The green strokes on the painting of my teaching are fertile because they germinate the connections students make between their knowledge and the concepts I introduce. Students come into my classroom with different abilities so I conduct a needs assessment to gauge the zones of my students, and discern how much scaffolding to provide. Also, students require explicit and timely feedback throughout the course in order for them to understand the concept before advancing to the next level. Their outcomes give me the evidence I need to reflect and re-evaluate my strategies, and to utilize possibly a different set of technological tools. Some students may require more instruction if they gravitate towards concrete as opposed to abstract concepts and thus I employ web application hybrids to ground some of these concepts with electronic portfolios. Furthermore, I utilize social constructivism to drive some of my classroom activities that are centered on group work. These activities help students recognize their roles not only as students, but also other roles like teachers, leaders, mentors or organizers. They learn the responsibilities they need to have towards the group, and their capacities to share with each other. This work can nurture their moral development, foster stress management and their attention to the underlying tenets of ethics and global citizenship. My goal is to try to understand my students’ cognitive capabilities to cultivate links between their micro-worlds and the macro-worlds to spur their growth for knowledge.

The Voluminous Blues…

The blue strokes on the painting represent voluminous tones because they showcase my challenge in designing summative assessments that accurately meet students’ behavior and capabilities. When students are not following my directions or do not come to class, do their behaviors stem from misinterpretations/misunderstandings, acts of defiance or unwillingness, or obstacles outside of class? My responsibility firstly, is to infer directly what stimuli may have triggered their behavior. Secondly, the grade I assign must competently reflect my students’ efforts and what they learned after they have left my classroom. Thus, have I made an equitable judgment based on what they have shown me and what I have taught? Given these conundrums, it is imperative that my syllabi include distinctly clear objectives and an anticipatory set of weekly determinable goals. This will offer students the structure they need to evaluate their own learning and behaviors at their actual level and plan what they need to do to reach their highest potential. Furthermore, I acknowledge my students’ frames of mind (e.g. spatial, kinesthetic, and interpersonal) that may de-emphasize any diagnosed or speculated disabilities with multi-modal assessments (e.g. offline/online rubrics, presentations, portfolios). These assessments are formulated with inquiry-based, problem-based learning and/or creative methods. My decision to proceed with these types of evaluations attempts to close the expansive gap between my students’ learning and behavior, and my teaching.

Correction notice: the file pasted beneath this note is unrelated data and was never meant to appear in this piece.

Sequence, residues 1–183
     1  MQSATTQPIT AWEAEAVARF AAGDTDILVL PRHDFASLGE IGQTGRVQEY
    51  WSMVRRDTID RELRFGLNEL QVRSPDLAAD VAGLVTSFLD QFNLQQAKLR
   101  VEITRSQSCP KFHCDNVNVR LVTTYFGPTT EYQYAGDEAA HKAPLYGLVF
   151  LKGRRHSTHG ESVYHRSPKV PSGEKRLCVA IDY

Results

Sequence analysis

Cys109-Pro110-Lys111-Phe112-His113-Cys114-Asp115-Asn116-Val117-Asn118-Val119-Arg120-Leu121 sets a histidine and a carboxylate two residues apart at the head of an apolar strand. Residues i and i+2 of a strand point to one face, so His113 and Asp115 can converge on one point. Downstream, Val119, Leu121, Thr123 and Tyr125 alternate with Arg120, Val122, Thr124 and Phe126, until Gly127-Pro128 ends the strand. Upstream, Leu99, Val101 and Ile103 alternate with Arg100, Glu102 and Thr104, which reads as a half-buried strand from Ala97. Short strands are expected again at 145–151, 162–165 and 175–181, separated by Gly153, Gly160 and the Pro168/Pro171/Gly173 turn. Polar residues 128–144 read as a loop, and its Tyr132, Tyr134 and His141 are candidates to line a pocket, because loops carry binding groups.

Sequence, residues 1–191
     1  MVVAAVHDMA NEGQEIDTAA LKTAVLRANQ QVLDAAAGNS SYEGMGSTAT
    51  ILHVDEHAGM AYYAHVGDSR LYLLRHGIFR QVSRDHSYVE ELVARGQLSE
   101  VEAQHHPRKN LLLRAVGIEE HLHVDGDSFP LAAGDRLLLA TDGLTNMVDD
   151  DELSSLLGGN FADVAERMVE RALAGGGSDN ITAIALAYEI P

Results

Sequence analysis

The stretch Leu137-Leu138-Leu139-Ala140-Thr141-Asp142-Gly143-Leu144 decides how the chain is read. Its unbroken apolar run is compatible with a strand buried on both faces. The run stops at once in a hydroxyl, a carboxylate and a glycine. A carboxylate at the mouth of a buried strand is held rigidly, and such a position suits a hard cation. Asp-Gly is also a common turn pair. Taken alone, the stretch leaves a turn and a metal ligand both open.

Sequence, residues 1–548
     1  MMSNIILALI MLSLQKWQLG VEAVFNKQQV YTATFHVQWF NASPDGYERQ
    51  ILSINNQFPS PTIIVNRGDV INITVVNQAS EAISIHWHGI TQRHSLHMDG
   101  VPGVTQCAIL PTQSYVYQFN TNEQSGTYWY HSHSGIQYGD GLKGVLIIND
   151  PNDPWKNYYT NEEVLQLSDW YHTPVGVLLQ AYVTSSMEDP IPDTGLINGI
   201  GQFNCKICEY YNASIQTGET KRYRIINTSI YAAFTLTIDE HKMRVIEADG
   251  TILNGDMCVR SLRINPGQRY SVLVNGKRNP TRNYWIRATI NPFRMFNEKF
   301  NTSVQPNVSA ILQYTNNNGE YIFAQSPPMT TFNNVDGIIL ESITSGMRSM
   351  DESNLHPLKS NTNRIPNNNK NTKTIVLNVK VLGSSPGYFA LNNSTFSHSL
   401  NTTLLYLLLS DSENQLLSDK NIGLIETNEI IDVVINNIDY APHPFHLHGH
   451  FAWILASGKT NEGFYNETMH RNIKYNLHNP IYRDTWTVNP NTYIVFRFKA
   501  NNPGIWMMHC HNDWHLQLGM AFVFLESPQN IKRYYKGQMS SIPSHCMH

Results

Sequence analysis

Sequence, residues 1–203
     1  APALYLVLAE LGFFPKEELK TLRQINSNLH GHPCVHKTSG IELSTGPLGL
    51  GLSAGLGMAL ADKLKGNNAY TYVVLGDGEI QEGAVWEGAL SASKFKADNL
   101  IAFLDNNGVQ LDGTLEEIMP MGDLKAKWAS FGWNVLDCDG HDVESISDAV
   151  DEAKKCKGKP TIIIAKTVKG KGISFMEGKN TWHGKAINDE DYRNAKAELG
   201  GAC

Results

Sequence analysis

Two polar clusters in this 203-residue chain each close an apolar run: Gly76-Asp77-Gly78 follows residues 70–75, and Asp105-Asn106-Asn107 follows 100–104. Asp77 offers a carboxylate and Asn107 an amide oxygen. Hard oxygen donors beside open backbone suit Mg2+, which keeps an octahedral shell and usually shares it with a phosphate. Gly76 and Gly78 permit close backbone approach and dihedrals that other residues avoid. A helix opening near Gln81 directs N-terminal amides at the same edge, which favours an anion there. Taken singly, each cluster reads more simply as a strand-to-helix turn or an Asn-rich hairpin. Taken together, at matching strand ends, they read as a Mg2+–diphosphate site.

Conclusion

The active red, fertile green and voluminous blue strokes – the social, cognitive and evaluative – coalesce to paint the dynamic form of my teaching philosophy. Transformative learning and inclusive education both require flexibility and adaptation on my part in order to customize the best learning environments for students with diverse educational needs. Consequently, my kaleidoscopic teaching philosophy is a rigorous art-form; it reverberates the life, power and vigor of subject matter that affects my students to become not only curators, but followers and activists of knowledge for life-long learning. And this brings me to my mission - at the end of the semester, my students have a profound understanding of the content being taught and a view of themselves that they (a) value and can share with others, (b) develop and can design for their own; and (c) keep vivid to treasure for a lifetime.